Career Paths

"What are some career paths in this company?" is a perfectly valid question. A large, mature company may have a very well defined set of patterns for how people grow and get promoted in various "tracks". But a younger, newer, less well defined organization may not be able to answer this so easily, which is why the company growth question may be a first place to start.

Volunteer Ideas

Only you know how much a given type of opportunity will matter to you. I know that when I was fresh out of school, I only wanted to know that there was room to grow, and opportunity to learn - I didn't know enough about my chosen field to have a strong sense of what I would want to do in 3-5 years. 10-15 years later, many folks who've worked in a given field for a long time likely have a collection of different job experiences, and are likely to have a fairly specific idea of what growth opportunities are most appealing.

The counterpoint is that only you know how much you want the job. If you've got a fine job and you're looking to grow, you're likely to be a LOT choosier than someone who was laid off last year and hasn't worked in 6 months.

But - if you know that certain types of work and opportunities are a drop-dead, "won't the take job without them" sort of deal breaker - then don't leave them guessing. Saying "I want X, is there an opportunity to go that way when I've proved myself?" is a fine approach. When you're very certain of what you want, and in a position to say "no", then be clear, don't waste the other group's time trying to guess.

Be aware, though, that when "having a job" takes precedence over "having the right set of opportunities" - that you may want to stay with the vaguer questions above. If you're too aggressive, you can give the impression that you'll leave in a short time frame if you don't get what you want.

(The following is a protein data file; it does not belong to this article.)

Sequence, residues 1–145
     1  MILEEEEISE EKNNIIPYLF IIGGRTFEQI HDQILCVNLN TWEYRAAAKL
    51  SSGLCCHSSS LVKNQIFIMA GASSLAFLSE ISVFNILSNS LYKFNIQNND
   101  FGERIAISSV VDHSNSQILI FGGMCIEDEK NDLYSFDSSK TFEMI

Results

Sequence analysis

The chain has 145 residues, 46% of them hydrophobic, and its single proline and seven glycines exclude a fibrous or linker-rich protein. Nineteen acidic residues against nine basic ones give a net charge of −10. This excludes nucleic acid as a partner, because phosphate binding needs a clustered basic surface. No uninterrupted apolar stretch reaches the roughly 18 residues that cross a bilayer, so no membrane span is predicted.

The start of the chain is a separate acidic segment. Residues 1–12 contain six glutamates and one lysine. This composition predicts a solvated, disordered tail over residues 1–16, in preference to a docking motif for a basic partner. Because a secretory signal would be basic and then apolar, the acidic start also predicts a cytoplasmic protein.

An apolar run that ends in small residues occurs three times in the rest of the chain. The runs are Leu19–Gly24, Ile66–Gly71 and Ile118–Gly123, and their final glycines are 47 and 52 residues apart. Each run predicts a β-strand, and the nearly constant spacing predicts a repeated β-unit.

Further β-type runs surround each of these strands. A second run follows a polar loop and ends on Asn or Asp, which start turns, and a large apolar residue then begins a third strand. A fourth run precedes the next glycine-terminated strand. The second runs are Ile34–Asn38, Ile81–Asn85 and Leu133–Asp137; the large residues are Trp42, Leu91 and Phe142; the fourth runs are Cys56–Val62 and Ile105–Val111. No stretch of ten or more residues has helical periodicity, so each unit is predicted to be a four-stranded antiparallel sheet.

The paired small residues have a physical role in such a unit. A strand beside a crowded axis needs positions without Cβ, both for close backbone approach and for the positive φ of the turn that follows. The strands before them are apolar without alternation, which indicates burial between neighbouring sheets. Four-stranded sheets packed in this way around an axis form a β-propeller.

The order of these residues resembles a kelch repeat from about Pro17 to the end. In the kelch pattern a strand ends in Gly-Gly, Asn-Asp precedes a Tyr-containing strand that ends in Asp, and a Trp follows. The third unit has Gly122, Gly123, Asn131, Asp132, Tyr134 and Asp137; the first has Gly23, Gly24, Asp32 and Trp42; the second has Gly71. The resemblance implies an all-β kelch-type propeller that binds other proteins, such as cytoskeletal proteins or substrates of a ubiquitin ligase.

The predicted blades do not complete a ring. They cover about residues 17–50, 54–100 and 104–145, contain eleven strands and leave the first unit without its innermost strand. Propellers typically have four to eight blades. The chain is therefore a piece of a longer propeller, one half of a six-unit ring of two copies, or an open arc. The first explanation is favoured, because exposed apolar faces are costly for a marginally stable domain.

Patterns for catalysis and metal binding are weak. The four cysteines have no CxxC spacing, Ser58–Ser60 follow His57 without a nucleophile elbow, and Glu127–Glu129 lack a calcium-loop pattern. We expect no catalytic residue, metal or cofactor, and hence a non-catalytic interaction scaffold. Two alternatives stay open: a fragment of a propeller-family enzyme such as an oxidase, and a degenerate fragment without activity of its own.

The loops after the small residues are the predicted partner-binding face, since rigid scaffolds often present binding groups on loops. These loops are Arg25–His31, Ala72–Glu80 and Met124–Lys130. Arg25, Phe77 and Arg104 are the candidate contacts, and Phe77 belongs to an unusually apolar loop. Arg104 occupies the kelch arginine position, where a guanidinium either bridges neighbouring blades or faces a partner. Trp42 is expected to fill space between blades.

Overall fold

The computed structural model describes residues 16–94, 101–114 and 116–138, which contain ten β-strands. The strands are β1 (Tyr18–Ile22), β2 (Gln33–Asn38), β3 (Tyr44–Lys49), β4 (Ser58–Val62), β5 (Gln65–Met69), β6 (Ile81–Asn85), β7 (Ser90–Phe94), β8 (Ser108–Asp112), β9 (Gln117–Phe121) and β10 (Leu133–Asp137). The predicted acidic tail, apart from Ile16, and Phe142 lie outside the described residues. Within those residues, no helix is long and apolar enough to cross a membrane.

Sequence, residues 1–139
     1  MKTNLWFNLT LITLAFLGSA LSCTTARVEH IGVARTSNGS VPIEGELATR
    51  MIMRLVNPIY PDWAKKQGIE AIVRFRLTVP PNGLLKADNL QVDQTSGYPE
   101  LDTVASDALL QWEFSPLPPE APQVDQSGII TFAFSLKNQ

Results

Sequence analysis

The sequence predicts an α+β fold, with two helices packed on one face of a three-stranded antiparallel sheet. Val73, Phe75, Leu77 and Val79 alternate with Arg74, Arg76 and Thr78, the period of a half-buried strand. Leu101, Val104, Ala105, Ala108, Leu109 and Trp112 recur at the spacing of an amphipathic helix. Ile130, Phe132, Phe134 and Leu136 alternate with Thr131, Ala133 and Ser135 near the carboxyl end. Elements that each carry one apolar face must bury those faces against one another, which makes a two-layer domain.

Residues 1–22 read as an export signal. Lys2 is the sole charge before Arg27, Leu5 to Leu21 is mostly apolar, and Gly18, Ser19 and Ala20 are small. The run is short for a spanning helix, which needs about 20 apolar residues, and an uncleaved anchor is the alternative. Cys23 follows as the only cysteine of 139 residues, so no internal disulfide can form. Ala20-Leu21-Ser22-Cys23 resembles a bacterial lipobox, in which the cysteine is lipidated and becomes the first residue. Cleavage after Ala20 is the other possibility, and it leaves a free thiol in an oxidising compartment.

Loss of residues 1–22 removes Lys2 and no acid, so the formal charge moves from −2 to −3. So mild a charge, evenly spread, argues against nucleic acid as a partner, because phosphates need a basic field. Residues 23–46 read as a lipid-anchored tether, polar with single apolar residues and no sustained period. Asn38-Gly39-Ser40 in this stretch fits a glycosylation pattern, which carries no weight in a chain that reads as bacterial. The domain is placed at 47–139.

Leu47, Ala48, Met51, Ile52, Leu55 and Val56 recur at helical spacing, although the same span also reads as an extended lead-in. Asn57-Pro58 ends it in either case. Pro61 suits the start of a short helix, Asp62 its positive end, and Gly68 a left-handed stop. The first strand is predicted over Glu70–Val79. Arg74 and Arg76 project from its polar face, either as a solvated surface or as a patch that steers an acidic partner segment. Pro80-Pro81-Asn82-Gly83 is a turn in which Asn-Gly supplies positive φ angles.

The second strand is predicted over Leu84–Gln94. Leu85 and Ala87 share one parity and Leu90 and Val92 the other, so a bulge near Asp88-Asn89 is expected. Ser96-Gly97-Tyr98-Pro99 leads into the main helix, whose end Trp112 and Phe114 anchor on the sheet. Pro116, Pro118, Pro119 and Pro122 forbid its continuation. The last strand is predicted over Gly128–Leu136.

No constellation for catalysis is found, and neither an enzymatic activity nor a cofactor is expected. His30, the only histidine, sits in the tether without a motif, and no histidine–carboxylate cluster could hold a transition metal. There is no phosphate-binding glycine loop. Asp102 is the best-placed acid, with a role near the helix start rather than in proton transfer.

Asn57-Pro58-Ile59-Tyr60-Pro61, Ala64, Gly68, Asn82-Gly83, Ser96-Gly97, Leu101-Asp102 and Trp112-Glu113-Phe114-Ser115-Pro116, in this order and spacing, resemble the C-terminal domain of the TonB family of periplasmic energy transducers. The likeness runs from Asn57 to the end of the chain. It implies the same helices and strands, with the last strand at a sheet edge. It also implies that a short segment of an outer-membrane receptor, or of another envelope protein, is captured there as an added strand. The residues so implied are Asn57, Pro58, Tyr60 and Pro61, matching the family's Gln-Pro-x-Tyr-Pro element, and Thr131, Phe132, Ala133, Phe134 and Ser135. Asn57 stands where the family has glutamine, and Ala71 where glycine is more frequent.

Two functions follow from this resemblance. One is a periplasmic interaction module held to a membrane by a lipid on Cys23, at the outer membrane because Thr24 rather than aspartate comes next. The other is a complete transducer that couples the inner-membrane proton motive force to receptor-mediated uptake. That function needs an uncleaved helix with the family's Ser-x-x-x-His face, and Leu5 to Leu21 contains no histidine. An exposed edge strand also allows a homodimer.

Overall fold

My suggestion would be to backup for a moment and consider asking how well do they have a formal review and professional development plans for employees. If they don't, then asking about career plans is likely to put off the interviewer as if you're inquiring in a start-up that is only a handful of months old, there isn't going to be a career path for your position as the company is still forming itself so do consider that there is something to be said for what assumptions do you have in asking this question. On the other hand, established companies with an HR department may be more likely to have these and thus it becomes where you could follow-up the question with whether they have career paths and where could you be in 2-3 years and in 5-7 years with the company as ways to see the career paths at a high level.

While it is a fair question to ask, there is something to be said for understanding how well can a company answer that as this could be similar to asking parents of a 1 year old, "What major do you think your child will have in college?" that is just way too far in the future to predict with any degree of accuracy.

  • I've found it almost worthless to ask these sorts of questions. I mean, they're great questions to know the answers to but any company that does a poor job of this (e.g. most companies) aren't going to admit to it even if they know it to be true. My last employer had an annual review policy but I only got one every 18 months and they didn't have much in the way of concrete actionable steps. Other companies had regular reviews but were box-checking-for-HR-compliance and similarly useless (outside of the fantastic raises I got!). Sep 10, 2013 at 6:00